This opt-in system can work well with look-up databases. Using the hosting of the FTC online discussion group, privacy have conducted a dialog with private investigators and came up with a structure in which investigators can still get the benefit of the database, while they and the database operators also retain accountability towards consumers in case of misuse of information.<6>
The Internet offers an economic way to create an opt-in system because of its low cost structure. The Internet also provides a way for increasing the harm to individuals many fold by propagating their information cheaply to all those who can harm them. The FTC must be careful not to let the harm, which may be irreparable, occur before the inevitable opt-in system takes its place.
The previous privacy report of the FTC discusses very little the rational above. I would like to participate in the Database Session of the FTC Privacy Workshop this June and present this important position.
I have been actively participating in this hot debate about the use and abuse of personal information for almost two years. This involvement started as I was trying, as a consumer, to prevent the unauthorized use of my personal information. My position has been and still is that personal information has value, that it can be and is considered as property, and that that property should be owned by consumers as the best and only logical, ethical, market efficient and legal way to use that information. I have been presenting this position in numerous forums, including all major TV stations, NPR, many radio talk shows, George Washington University and recently in the conference for Computers, Freedom and Privacy in San Francisco.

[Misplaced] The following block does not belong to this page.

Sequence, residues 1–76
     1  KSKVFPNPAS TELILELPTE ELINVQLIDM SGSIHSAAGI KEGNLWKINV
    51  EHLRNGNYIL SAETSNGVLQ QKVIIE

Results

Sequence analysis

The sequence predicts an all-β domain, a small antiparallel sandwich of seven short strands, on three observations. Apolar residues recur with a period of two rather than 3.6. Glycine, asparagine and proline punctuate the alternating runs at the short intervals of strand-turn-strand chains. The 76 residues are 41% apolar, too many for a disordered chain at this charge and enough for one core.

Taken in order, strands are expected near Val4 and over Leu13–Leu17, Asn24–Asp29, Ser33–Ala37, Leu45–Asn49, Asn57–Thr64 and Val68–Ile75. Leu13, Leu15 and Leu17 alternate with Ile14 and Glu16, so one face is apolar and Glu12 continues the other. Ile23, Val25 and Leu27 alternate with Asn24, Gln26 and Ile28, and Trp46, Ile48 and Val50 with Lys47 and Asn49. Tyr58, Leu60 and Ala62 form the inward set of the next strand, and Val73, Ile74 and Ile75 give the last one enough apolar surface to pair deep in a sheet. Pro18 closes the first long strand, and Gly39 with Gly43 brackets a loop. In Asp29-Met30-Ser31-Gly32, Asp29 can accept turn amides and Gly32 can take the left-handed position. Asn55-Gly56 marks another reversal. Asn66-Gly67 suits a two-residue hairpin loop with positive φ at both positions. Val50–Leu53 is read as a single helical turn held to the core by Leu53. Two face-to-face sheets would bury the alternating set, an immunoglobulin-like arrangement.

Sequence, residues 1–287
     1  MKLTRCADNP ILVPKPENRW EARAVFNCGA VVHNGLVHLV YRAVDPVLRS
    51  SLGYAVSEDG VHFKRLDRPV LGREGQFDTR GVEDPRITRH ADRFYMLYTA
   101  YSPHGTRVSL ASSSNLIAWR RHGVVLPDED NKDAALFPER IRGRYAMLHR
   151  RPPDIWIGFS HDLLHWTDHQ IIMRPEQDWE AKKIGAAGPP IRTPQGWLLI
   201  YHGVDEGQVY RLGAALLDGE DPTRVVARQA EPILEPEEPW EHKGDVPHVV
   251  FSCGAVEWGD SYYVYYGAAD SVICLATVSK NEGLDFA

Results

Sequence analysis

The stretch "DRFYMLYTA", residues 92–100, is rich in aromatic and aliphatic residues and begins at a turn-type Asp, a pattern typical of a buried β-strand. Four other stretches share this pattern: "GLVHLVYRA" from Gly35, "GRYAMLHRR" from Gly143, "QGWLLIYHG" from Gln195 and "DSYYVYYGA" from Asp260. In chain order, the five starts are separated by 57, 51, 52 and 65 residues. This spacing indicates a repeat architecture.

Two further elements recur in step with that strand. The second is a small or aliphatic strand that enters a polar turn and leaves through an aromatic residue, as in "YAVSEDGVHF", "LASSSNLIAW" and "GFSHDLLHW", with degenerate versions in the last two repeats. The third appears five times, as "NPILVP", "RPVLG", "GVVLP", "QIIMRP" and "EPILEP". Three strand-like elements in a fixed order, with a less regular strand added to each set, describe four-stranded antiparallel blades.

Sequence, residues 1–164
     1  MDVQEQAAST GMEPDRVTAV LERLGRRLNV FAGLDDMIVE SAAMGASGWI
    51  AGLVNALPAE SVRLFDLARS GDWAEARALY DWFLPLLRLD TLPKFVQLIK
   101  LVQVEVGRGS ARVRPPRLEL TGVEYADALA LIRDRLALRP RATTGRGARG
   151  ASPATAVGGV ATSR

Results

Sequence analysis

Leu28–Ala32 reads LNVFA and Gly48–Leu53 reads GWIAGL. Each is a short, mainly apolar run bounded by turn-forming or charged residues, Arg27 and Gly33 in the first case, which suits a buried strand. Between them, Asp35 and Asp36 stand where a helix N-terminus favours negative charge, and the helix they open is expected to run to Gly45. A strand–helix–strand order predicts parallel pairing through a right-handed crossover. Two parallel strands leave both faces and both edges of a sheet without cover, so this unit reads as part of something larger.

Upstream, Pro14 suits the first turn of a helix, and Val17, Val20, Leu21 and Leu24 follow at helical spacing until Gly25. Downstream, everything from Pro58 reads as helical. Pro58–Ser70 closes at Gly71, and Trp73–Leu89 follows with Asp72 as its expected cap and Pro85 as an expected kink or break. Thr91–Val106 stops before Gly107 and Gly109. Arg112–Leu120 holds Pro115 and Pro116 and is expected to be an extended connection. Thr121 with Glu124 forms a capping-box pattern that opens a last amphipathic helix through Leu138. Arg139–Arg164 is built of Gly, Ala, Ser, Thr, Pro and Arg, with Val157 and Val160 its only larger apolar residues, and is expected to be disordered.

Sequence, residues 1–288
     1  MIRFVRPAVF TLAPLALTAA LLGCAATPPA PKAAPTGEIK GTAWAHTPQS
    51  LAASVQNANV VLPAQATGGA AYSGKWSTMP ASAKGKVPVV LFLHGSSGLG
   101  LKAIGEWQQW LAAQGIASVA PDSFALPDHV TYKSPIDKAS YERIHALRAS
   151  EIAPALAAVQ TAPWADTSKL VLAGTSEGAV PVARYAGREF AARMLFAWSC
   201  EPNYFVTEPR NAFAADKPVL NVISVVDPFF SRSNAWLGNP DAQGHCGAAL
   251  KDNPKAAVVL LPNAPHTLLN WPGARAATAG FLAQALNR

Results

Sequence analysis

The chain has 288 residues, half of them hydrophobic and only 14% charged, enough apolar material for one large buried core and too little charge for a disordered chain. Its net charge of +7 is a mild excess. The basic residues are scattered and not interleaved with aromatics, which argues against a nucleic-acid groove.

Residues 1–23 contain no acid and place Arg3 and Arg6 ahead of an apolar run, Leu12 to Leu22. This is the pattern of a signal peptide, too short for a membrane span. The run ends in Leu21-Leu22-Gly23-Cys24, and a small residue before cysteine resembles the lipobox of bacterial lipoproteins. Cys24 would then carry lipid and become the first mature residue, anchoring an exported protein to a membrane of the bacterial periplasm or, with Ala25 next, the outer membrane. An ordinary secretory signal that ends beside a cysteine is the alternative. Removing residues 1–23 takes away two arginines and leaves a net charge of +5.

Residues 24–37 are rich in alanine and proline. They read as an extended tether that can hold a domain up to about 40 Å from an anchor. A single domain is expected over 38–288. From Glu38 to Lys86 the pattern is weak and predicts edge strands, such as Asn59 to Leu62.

My hands-on experience could also serve the panel. My attempt to prevent the abuse of my name by legal means taught me privacy law and the ability of consumers to use the judicial system in protecting their privacy. I have been participating in the FTC online privacy discussion group from its beginning and can share much of the interesting and enlightening conversations that have taken place there. I have been conducting an online survey and petition on the issue of personal information for months now. The input from thousands of consumers provides a detailed description of what consumers really want. I have also been communicating with legislators from both federal and state levels on this issue. Finally, I have been actively involved this year in helping consumers protect themselves from unsolicited commercial email by asking mailers to remove names of unwilling recipients from their lists. This service is planned also to be expanded to remove their names from online databases. The interaction with both sides, who so far see my service positively, gave me much insight in the motives and incentives of the different parties online.
I have an undergraduate degree in computers and a graduate degree in business and years of experience in both. I understand the different sides of the issue as well as the ability and inability of technology to provide market answers. I would like to participate in the first sessions of the workshop, focusing on the use of information as product and how the market should be structured properly to prevent its abuse.
I would be honored to be invited to participate in the FTC workshop in this session.